Saturday, December 14, 2002
The St. Cloud Times has picked up the story of a Jewish faculty member involved in a scuffle with a pro-Israeli demonstration as expected, (click here to see my initial report) but not yet the Twin Cities newspapers. The faculty member involved in the scuffle comes off as relatively contrite.
"Yes, I immaturely went for the camera, but I didn't harm him. I didn't grab his neck," she said. "It looked a lot worse than it was. I did not try to hurt the man. Am I sorry? Yes. Do I regret it? Yes. Did I assault him? No."Usually, when I lunge at somebody (and the report I received was that there were two lunges) I have some capacity for understanding that it might hurt. I do find this humorous that the article goes on at length about the relative sizes of the two individuals (she is listed at 5"4", the student at 6'3" as if it were a boxing match, no word on their reach or weight), as if to imply that there was no way she could hurt him. Two words: Squeaky Fromme. The paper also says that the professors were "taunted" by the photographer. That must be the new word for "debate".
But hell, we all snap once in a while, and it does sound as if she wishes to apologize. She gave the full story, including her indiscretion, to VP for Student Life Nathan Church within minutes of the incident. So a momentary lapse of reason, perhaps. But what on earth could cause a Jewish professor to snap on someone putting up a pro-Israeli display? Because they weren't Jewish (which turns out not to be entirely true, btw)? Or because they were Republicans?
This won't explain Church's behavior, however.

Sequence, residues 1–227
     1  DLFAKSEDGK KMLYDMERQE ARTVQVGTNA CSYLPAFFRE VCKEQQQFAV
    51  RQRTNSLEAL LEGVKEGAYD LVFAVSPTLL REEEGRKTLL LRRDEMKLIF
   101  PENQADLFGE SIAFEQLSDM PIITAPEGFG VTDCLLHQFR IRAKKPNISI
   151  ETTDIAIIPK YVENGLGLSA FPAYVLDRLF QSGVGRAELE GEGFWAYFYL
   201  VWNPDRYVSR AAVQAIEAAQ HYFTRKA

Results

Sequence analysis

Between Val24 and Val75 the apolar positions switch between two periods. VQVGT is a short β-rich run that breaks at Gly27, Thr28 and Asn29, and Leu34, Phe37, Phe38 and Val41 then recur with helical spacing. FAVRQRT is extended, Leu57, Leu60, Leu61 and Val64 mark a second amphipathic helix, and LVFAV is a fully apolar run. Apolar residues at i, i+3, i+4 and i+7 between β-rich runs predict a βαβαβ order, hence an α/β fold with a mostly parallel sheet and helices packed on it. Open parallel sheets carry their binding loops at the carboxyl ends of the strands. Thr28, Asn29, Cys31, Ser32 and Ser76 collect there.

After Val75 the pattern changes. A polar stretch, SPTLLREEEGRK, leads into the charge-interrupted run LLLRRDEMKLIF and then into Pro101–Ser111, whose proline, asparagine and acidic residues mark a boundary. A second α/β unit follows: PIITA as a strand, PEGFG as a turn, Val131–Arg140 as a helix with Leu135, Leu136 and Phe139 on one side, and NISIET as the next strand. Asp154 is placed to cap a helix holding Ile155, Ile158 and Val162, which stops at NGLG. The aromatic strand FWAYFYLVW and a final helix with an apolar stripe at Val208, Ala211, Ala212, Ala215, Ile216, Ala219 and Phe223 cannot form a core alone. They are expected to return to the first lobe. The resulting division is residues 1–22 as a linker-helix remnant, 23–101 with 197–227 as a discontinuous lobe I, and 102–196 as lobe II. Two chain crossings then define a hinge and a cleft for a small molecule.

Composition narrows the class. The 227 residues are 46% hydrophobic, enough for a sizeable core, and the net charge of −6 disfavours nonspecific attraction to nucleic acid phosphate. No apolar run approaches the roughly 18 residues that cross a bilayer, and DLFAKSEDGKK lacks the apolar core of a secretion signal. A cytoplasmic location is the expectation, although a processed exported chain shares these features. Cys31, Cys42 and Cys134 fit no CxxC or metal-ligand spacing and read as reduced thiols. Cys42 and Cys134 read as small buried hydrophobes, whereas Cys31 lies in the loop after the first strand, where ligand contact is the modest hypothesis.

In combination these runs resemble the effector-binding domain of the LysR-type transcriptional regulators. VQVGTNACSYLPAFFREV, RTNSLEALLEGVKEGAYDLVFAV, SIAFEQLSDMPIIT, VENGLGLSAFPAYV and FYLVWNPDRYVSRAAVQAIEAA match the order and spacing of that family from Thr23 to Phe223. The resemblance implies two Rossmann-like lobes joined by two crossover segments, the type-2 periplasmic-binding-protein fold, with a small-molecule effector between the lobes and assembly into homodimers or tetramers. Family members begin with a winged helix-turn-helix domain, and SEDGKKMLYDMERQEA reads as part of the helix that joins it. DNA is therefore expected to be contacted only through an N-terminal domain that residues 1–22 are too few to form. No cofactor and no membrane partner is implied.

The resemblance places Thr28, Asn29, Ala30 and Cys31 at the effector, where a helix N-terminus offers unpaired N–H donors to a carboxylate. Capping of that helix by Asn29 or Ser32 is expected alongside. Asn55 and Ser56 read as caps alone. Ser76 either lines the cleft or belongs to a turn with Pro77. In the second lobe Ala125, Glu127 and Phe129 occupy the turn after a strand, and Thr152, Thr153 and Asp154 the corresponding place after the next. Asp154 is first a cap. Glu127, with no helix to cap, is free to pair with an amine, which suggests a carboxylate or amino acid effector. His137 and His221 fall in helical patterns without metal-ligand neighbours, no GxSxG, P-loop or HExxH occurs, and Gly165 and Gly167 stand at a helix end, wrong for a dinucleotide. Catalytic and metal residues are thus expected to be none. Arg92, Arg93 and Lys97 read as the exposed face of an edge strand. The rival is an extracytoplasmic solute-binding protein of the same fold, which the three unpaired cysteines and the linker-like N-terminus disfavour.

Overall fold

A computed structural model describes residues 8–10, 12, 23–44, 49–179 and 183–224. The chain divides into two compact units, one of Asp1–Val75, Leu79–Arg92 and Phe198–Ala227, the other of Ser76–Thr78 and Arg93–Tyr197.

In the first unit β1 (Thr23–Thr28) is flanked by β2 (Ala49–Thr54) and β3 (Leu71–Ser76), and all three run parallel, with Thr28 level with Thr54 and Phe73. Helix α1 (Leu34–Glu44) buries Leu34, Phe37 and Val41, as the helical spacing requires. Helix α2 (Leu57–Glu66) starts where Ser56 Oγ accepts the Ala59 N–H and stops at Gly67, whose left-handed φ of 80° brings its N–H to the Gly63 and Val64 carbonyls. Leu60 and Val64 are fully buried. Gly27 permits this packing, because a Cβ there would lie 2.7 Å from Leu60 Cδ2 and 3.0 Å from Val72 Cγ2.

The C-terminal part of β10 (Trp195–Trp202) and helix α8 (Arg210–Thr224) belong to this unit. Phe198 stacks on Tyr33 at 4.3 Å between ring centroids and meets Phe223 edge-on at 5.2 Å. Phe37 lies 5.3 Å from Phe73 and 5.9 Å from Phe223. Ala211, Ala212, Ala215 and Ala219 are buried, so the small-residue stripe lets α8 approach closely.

"There were some images that I could understand why some people could be offended, but they were clearly covered under free speech," Church said.He is quoted in the last graph saying "The issue around the altercation has nothing to do with the free-speech issue. My hope is still that it can be resolved informally." Which sounds to me like the gurgling sound of someone choking on his own actions and praying for his career. Denial is a river running through the Student Life and Development Office.
After some discussion, Church said he asked the group's members if they could remove the Israeli flag from the display.
"I said this is kind of a different issue. There's protocol around flags, people take their flags very seriously," he said. "One thing about the flag is it has the Star of David on it. Jews all over the world identify with it."
Church said the flag's presence over the booth implied the group had the support of the Israeli government and the Israeli people.
Byma said Church used his position as vice president to coerce the College Republicans into removing the flag.
"In my opinion, a university is all about diversity of ideas," he said. "You should feel completely protected to speak your opinion. We feel the student life and development office hindered our freedom of speech."
Church said he merely suggested the group remove the flag. It could have remained on display, he said.
In a related development, President Saigo's letter on the anti-Semitism settlement (which I first discussed here) was printed in the StarTribune today. It's title is SCSU Has Taken a Stand Against Bias. Let's hope SCSU also takes a stand for free speech.